For the first time since 1958, the three highest-grossing movies in the United States for 2017 all featured women in their lead roles, including Israeli star Gal Gadot’s “Wonder Woman” in third place.
According to year-end figures released Monday on Box Office Mojo, the top earning US domestic movies were “Star Wars: The Last Jedi” ($533 million), “Beauty and the Beast” ($504 million) and “Wonder Woman” ($412 million).
It has been 59 years since the three highest-grossing movies in the US featured women in the main role, when “South Pacific,” “Auntie Mame,” and “Cat on a Hot Tin Roof” topped the charts.
In each of 2017’s highest-earning movies, women are portrayed as strong characters who shape their own destiny.
“Female heroes are traditionally presented in cinematic isolation,” documentary filmmaker Annalise Ophelian told the UK’s Guardian newspaper.
“This film gives us women working side by side, women in technical positions, and of course women learning the ways of the Force,” she said.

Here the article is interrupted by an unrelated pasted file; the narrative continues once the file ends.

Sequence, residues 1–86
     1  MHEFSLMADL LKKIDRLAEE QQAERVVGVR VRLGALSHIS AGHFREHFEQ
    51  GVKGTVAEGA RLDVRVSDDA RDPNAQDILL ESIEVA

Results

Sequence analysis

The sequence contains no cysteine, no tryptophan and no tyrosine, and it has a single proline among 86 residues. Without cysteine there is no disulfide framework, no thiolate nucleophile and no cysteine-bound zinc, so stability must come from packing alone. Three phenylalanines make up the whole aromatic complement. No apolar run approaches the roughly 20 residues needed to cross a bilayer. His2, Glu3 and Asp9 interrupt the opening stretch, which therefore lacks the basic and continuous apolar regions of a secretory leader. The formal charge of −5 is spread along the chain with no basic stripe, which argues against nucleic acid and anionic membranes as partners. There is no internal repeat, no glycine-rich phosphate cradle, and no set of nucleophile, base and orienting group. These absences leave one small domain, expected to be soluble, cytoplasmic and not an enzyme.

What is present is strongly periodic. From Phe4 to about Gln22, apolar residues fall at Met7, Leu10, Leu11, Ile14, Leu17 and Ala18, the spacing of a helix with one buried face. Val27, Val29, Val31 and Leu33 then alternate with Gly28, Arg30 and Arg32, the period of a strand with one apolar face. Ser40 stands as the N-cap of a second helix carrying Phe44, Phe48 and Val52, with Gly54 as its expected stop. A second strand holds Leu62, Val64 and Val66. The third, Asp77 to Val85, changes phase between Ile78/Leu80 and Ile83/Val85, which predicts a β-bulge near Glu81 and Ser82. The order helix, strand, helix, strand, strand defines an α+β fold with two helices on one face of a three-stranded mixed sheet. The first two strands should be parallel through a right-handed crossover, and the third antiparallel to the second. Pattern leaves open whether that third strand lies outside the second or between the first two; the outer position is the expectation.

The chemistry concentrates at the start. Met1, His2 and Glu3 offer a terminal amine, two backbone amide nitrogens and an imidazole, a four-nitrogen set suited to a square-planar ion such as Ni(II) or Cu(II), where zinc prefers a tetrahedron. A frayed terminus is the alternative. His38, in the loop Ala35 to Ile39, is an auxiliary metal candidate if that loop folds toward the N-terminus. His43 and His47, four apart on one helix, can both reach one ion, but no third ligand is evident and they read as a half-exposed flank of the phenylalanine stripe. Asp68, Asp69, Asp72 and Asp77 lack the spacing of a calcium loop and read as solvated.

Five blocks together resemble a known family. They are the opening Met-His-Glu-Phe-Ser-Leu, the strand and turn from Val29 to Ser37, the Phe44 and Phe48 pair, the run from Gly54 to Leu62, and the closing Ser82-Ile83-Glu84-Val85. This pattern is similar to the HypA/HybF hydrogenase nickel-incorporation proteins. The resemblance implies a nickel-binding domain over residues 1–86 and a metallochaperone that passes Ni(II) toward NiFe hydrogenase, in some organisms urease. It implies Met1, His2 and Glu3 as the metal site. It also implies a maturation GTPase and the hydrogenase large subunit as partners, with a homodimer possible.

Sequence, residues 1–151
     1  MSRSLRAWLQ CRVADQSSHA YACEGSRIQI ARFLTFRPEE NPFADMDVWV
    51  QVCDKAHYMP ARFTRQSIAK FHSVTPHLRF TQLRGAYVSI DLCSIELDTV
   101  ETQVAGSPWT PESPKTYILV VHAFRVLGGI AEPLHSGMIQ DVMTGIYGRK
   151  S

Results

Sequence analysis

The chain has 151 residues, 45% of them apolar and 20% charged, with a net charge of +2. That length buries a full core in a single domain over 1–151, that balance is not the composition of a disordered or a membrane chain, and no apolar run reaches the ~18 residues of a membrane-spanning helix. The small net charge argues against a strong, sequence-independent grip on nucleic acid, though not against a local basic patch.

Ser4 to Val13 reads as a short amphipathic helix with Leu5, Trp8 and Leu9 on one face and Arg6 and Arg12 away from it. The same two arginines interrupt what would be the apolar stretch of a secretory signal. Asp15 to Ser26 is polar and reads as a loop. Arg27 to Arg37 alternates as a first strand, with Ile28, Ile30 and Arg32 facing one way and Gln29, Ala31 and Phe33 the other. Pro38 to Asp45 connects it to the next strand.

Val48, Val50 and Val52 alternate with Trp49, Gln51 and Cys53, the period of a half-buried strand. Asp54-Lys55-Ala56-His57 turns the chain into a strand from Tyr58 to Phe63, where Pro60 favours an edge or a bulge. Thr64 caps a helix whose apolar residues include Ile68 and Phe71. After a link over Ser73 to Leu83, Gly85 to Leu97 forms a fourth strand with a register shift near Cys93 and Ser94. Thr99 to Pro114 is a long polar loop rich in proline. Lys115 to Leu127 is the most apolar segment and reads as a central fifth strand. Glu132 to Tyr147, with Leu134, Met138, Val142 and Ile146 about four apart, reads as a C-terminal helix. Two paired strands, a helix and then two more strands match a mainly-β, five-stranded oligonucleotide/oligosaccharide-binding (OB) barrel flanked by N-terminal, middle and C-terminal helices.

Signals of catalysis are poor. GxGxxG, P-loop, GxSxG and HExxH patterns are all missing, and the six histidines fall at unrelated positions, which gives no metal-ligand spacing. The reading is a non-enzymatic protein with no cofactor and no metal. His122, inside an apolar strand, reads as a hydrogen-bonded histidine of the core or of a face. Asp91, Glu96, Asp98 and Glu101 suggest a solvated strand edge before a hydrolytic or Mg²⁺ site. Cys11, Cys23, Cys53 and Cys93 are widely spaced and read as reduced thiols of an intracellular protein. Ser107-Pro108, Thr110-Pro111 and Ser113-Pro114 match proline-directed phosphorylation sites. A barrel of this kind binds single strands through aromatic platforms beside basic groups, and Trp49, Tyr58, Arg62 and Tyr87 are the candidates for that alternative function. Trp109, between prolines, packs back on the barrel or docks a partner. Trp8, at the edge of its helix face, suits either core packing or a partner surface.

Emma Watson, who plays Belle in “Beauty and the Beast,” told Vanity Fair that her character is “absolutely a Disney princess, but she’s not a passive character—she’s in charge of her own destiny.”
Shortly before the release of “Wonder Woman,” Gadot said that as the mother of two girls she felt proud to play a superhero and offer viewers a new role model.
“We have seen so many male-driven stories, so the more strong, female narratives we have, the better,” she told The New York Times.
Strong female characters leading the way in the box office seems a fitting end for a year in which women unmasked the sexual harassment endemic within the entertainment and media industries, highlighted by the #MeToo campaign, leading to a number of high-profile personalities losing their jobs.
Also on Monday, hundreds of top women in Hollywood — including Meryl Streep and Jennifer Lawrence to Emma Thompson, Reese Witherspoon, Shonda Rhimes Jennifer Aniston and Cate Blanchett — announced that they had formed an anti-harassment coalition called Time’s Up.
The initiative was launched with an open letter vowing support for women in the entertainment business and beyond, from janitors to healthcare workers. Time’s Up will include a legal defense fund and will advocate for legislation combating workplace harassment.
When all is said and done on January 1, the domestic box office is estimated to net out with $11.1 billion in grosses, down around 2.6 percent from 2016’s $11.4 billion, according to projections from box office tracker comScore. Looked at another way, it’s also likely to be the third-highest grossing year in cinema history.
Agencies contributed to this report.